The truth is, and freelancers listen up, the cost of living is incredibly low. The low cost of living paired with the magnificently high quality of life equals substantially more value for your freelancing dollar.
Chiang Mai truly is the paradise that freelancers write so much about.
I’d have to use my fingers and my toes to count the number of friends that journeyed out to Vancouver to freelance “for a couple of months” and never came back. And I can’t blame them.
Vancouver is rich with culture, modern, trendy, and ripe with opportunity for the eager freelancer. From tech to the arts, the local economy certainly lends itself well to a freelancer on the grind. And trust me, you’ll need to be on your grind.
While Vancouver can be an expensive place to lay your roots down, your larger rent budget won’t go unrewarded. After all, is there anything better than craft beer, world-class java, and unfettered access to the coastal magnificence of the Pacific?
Seoul, South Korea
If freelancing has afforded you the opportunity to set your sails for something different, you can do far worse than South Korea’s capital and largest metropolis. Seoul is a city of the future with lightning-fast internet speeds, jaw-dropping cultural diversity, technologically superior infrastructure, and Wi-Fi for days. Seriously, you can even check e-mails and balance your budget on the subway!
As far as the quality of life is concerned, Seoul truly does have it all. Majestic mountain ranges, public beaches, serene countryside, and even a relatively affordable cost of living. If that’s not enough, denizens of Seoul and expats alike know how to party, especially geek-culture. There are e-sports festivals, world-class cosplay, and more.
Lying on the eastern coast of Spain, Valencia and the surrounding area boasts a population of around 1.5-million people. Outlined by the Mediterranean Sea, this waterside paradise perfectly balances a rich, ancient history with a modern, bustling economy.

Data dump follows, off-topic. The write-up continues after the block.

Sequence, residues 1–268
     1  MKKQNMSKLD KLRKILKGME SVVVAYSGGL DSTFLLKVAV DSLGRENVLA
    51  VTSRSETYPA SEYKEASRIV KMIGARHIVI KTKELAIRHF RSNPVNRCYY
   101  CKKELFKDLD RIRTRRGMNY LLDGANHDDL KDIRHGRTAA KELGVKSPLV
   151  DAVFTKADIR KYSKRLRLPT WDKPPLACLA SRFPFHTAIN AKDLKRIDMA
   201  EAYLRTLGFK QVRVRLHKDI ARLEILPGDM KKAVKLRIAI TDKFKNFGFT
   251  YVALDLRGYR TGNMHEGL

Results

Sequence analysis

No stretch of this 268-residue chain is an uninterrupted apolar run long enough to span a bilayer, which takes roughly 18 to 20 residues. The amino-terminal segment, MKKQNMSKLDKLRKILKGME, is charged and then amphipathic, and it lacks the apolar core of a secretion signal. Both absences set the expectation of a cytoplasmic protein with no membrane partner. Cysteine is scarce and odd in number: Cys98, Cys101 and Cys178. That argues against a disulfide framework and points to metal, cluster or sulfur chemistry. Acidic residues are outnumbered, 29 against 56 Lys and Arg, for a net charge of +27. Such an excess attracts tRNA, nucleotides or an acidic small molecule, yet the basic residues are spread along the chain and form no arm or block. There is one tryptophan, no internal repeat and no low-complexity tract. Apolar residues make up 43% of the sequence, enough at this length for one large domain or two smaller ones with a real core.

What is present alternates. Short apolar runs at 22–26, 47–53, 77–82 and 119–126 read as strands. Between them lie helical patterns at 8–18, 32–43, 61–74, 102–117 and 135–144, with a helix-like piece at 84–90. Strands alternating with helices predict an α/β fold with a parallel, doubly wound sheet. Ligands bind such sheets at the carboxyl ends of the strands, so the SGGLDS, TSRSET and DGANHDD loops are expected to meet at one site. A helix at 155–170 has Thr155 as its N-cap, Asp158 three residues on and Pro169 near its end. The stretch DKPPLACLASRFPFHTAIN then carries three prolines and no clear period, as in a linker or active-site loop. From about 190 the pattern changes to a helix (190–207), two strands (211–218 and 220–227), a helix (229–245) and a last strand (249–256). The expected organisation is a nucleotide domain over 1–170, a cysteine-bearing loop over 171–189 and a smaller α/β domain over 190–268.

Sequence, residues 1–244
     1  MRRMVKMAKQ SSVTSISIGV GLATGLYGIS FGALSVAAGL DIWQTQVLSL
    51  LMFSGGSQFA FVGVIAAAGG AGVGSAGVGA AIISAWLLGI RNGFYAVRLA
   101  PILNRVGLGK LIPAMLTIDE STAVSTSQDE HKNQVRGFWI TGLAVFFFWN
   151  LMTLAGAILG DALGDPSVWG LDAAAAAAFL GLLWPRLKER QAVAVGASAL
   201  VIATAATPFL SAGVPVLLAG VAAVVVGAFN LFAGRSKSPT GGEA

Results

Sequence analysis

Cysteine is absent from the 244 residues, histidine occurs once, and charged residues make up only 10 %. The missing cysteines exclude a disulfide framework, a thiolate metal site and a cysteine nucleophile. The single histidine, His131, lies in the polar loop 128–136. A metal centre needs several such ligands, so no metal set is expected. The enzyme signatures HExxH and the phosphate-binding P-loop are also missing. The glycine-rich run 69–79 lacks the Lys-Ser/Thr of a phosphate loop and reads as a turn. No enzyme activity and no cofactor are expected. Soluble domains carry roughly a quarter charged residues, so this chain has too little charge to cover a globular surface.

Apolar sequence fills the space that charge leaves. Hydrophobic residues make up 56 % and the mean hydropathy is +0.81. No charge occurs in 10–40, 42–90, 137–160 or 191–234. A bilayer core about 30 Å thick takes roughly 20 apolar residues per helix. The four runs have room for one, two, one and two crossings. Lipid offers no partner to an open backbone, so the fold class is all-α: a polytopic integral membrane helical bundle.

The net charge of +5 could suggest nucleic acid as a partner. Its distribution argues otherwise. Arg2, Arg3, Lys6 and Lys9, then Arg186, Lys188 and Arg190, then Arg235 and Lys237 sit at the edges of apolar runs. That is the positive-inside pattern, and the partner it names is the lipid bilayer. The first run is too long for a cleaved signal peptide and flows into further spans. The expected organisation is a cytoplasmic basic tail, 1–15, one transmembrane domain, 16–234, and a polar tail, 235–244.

Newly settled freelancers can spend their time bumming around on the beaches, taste testing craft beer, gorging on world-class cuisine, or sipping some of the finest coffee in the world. Valencia is well connected, too. Just hop on the metro and see the sites of Spain or hop on a train and explore Europe for the weekend.
On the business side, Valencia is much like the other cities on our list. It has an abundance of Wi-Fi hotspots, an affordable cost of living, and an easy-going living style that lends itself well to getting work things done.
Auckland, New Zealand
When considering new locales to set up shop as a freelancer, the quality of living is king. Consider New Zealand’s largest urban area, Auckland. The city is an outdoorsperson’s paradise with temperate weather all year round, an abundance of natural wonders, and an international reputation for extreme sports.
Auckland is a cosmopolitan city that’s firmly planted on the right side of the modern technological revolution. The city has fast internet, an abundance of Wi-Fi hotspots, and culturally diverse food and art scene that compliments the city’s natural splendor quite well.
Cape Town, South Africa
Cape Town, the coastal marvel of South Africa, is a political, multicultural, and economic powerhouse. The city is slowly becoming a large player on the international tech map, earning the nickname Silicon Cape on the world stage.
For freelancers looking to book a new, local gig, there are a bunch of online resources specific to Cape Town. And, as with many of the other cities on our list, Wi-Fi, temporary workspaces, and inspirational destinations are everywhere.
As far as the quality of life is concerned, Cape Town has that front covered as well. There’s plenty of outdoor adventures, delicious food, and the unique cultural underpinnings that can only come from a long, storied history of multiculturalism.
For those of you that are uneasy about possible language barriers, Cape Town has eleven official languages. Now if that doesn’t scream multicultural, I don’t know what does.